Thirty-two months ago, the greatest golfer in the world was broken.
The legend so carefully crafted — and gladly accepted by corporations and fans alike — of a real-life superman called Tiger Woods lay in pieces.
Woods was too defeated, deflated, ashamed and angry — and then too injured — to even think of putting the pieces back together.
But for a while now, at least since last August, he’s been busily reconstructing the champion he once was. It’s a complex puzzle, however, and just because he has all the pieces — or at least believes he does — doesn’t mean he knows how they all fit together.
And so it was on Thursday, as the fire-breathing dragon known as Royal Lytham & St. Annes turned out to be myth and instead the John Deere Classic rolled into a second week; the birdie festival moved from the American Midwest to the Lancashire coast.
After weeks of wind and rain and misery — in other words, your garden variety English summer — the first day of the 141st British Open was as pleasant as it gets around here. Woods, teeing off early, knew that without the elements to defend them, links courses can be plundered.
And he also knew that those around him, including Australian Adam Scott, who tied the course record with a 6-under 64, weren’t happy to settle for pars, so he had to make a move. And he did, shooting a 3-under 67 that left him tied for sixth.
“It was pretty soft,” Woods said. “The wind wasn’t blowing and we’re backing golf balls up (on the greens). That’s something we just don’t see.
“The first hole is a perfect indication; I hit a 5-iron straight at it and it rolled out (only) 8 feet. I can’t remember the last time it does that on a links golf course.
“We knew we needed at least to get off to a quick start on that front nine, and I figured a couple under would have been good. But I look up on the board and Scotty is going pretty low and so is everyone else. I felt I had to make a few more, and I was able to.”
So far, so good.
Woods jumped out to 4 under after tapping in for birdie on the par-5 seventh. At the time, he was tied with Scott for the early lead, and soon they would be joined by Masters champion Bubba Watson, with John Deere Classic winner Zach Johnson and 1999 British Open champion Paul Lawrie also in the mix after posting 65s.
But it’s what happened after Woods got to 4 under that betrays the fact that he’s still got work to do to reassemble the old Tiger, whose killer instinct back in the day would’ve gotten him to the top of the leaderboard.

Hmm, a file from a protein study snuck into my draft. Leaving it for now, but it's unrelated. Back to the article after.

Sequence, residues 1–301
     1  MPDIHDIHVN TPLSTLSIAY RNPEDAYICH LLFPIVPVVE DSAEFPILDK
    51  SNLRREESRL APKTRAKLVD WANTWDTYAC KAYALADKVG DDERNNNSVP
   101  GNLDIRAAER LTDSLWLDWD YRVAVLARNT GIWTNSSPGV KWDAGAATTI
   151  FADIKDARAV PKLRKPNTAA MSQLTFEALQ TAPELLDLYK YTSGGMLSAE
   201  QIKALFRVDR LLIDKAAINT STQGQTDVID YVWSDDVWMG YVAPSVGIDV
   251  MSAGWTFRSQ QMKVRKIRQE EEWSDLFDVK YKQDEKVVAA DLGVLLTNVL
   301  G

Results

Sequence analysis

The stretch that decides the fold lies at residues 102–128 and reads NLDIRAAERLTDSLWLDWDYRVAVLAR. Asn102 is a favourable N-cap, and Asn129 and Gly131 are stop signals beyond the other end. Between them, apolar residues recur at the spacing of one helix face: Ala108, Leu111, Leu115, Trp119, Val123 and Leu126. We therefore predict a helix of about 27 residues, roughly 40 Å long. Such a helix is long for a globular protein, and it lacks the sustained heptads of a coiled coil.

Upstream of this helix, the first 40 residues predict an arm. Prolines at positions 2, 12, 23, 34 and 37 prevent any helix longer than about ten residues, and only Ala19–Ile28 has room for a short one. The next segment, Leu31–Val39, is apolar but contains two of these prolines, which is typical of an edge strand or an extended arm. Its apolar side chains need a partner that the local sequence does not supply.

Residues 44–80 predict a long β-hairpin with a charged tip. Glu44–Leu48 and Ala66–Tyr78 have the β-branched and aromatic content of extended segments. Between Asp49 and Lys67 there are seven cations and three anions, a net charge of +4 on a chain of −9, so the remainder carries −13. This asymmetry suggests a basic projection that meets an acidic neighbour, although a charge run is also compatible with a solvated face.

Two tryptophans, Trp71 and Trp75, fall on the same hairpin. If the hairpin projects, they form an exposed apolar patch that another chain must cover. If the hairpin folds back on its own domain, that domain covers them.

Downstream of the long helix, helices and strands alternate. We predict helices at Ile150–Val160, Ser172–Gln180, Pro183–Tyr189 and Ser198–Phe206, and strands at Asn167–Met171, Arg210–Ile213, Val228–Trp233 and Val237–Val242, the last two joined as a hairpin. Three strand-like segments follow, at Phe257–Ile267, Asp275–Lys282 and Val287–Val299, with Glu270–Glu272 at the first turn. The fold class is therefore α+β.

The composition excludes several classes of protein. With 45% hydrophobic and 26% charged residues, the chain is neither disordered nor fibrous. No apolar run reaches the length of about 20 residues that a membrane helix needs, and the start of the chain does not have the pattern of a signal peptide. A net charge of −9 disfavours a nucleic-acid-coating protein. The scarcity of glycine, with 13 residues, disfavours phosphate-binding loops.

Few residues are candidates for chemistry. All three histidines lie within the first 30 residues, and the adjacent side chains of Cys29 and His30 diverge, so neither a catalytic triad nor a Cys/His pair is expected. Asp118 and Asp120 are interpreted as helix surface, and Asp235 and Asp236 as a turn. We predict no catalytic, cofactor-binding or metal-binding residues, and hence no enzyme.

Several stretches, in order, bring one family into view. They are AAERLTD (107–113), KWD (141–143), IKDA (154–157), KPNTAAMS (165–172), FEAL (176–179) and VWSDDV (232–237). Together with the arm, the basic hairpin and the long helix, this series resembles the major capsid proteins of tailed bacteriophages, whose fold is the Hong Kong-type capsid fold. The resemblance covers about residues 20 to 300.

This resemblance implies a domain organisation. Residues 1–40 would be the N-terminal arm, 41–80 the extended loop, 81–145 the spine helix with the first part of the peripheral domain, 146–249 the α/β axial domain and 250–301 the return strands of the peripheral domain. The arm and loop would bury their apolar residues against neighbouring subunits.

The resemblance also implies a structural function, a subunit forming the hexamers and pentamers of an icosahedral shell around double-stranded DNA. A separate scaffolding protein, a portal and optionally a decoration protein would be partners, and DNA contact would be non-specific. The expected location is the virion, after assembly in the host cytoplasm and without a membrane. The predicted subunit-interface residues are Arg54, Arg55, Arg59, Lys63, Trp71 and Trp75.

The first indication that something was amiss came on the ninth, which Woods played beautifully — as he had every hole until then — only to miss a 6-footer for birdie.
The back nine at Lytham is traditionally where the going gets tough. But without the prevailing winds, it was a stroll in the park.
For everyone, that is, except Woods.
Someone named Adilson da Silva shot 32 on the inward nine, as did Scott, with Lawrie and Johnson coming home in 3 under. Woods, however, played the closing nine in 1 over par.
All pars and a lone bogey, which he was happy to escape with after badly misjudging a shot from the rough on the 15th, then almost losing his ball in the thick stuff before finding it and somehow hacking it onto the green, from where he two-putted.
Afterward, Woods was quite upbeat — he rarely betrays much after rounds at majors — though it had to bother him that he hit every fairway but one and led the field with 15 greens hit in regulation only to miss numerous birdie putts.
A 3-under 67 is hardly a bad score, but he knows it could’ve been much, much better.
“I hit the ball well all day, shaping the ball both ways; sometimes I rode the wind, sometimes I held it against it,” he said. “I was just lacking a little bit of pace on the greens coming home. Every putt I hit was on line, except for the one I hit on 12. But they were dying off the front of the lip.
“So I need to hit the putts a little bit firmer.”
Overall, he was “quite pleased with what I did today."
But, he added, "We’ve got a long way to go.”
Whether he personally does or not, we’ll know by Sunday.